1 vols. Various sizes. Generally in very good condition, some with original envelopes Item #221348
Gunn, a friend of William C. Whitney, McKinley, and Mark Hanna, was a wealthy Cleveland businessman who retired to spend the last 20 years of his life in Zoar, the commune in Ohio. His note-books, covering 1883-1901, were discovered after Gunn's death, edited by Don Seitz and published by WILLIAM COLLINS WHITNEY. Wesson, in MIDLAND NOTES, states: "Gunn's notes provide us with an enchanting picture of the pellucid life in the famous community of which he became a member. Though he fought to the last for the preservation of the community which he loved so dearly, ironically enough, it was his fireside stories of life in the land of flesh-pots that resulted in its dissolution by the dissatisfied younger members."
The Zoar Society originated after 1817, when approximately 350 German immigrants, mostly poor, came to eastern Ohio and settled on a tract of 5,000 acres of land, along the banks of the Tuscarawas River. They were comprised of both Lutherans and Roman Catholics, who were coming to America to escape persecution. Joseph Bimeler was a teacher who became their political and religious leader. The village was named after the biblical city to which Lot fled from Sodom and Gomorrah.
Under the community Articles of Association, the earnings of every individual were to be turned over to a common treasury. While some families remained intact, there were some families which were broken up due to poverty, so that some homes were comprised only of men, while others were comprised only of women. The primary occupation in the community was farming, producing food for the community and for sale.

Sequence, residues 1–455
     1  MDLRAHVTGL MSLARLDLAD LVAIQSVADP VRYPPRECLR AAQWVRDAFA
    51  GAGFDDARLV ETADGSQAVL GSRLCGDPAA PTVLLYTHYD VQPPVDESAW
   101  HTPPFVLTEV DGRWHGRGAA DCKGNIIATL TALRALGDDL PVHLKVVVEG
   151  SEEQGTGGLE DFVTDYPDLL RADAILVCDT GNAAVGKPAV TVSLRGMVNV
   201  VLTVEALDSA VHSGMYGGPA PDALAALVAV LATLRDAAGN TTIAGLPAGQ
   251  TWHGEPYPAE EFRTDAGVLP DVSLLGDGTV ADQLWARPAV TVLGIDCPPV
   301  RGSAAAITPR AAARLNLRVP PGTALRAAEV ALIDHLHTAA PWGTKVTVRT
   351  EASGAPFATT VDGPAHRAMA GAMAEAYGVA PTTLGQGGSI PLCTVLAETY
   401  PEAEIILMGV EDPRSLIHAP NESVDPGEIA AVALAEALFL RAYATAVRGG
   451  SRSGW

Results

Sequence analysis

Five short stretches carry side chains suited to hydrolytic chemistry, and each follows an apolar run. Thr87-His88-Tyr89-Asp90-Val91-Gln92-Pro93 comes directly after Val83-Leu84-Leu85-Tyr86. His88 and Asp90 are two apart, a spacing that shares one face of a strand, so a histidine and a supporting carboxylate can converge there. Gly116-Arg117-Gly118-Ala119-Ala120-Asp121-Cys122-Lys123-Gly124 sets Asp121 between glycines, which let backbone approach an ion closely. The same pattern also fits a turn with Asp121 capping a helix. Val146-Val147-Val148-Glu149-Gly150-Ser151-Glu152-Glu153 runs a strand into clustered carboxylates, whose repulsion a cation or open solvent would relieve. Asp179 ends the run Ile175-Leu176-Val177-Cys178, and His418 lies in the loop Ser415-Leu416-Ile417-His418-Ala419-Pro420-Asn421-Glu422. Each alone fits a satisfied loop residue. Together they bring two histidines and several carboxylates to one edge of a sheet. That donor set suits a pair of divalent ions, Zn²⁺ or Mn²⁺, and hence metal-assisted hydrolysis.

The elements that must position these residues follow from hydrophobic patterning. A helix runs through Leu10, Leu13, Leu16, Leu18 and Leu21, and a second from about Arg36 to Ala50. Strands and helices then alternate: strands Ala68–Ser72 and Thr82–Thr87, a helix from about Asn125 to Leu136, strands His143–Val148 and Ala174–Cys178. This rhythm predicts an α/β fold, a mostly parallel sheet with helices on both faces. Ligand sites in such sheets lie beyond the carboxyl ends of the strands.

Gunn was was taken with Zoar and at the time of his retirement, the Society gave him the right to occupy one of the cabins in the northeast end of town, which Gunn named "The Hermitage." Gunn was the first "outsider" to be allowed into the village as a resident. He soon remodeled and furnished The Hermitage in luxury, and it became a fabulous club house where he did a great deal of entertaining. Among his guests were men such as William Whitney of New York and Mark Hanna of Cleveland.
Most of these letters were written while Gunn was at Zoar, many on "Zoar Society" stationery, others headed "The Hermitage." Gunn refers to Whitney several times as his best friend, and several of the letters offer anxious inquiries about the health of Whitney's wife, Flora, and deep condolences after her death. In a letter dated April 23, 1900, Gunn tells Whitney of the arrival of the book "The Cookbook by Oscar of the Waldorf," which included several of Gunn's cocktail recipes and which was inscribed to him by Oscar Tschirky; he transcribes the recipes for Whitney.
Other letters are written from abroad: Paris, San Francisco, Santa Barbara. Gunn sends Whitney a leaf from his journal, written at Lake Como in 1883. Also included is a telegram from Gunn to Whitney, dated April 29, 1901, shortly before Gunn's death, requesting that Whitney arrange to pick him up at the New York train station and transport him to a hospital. Gunn died shortly thereafter.
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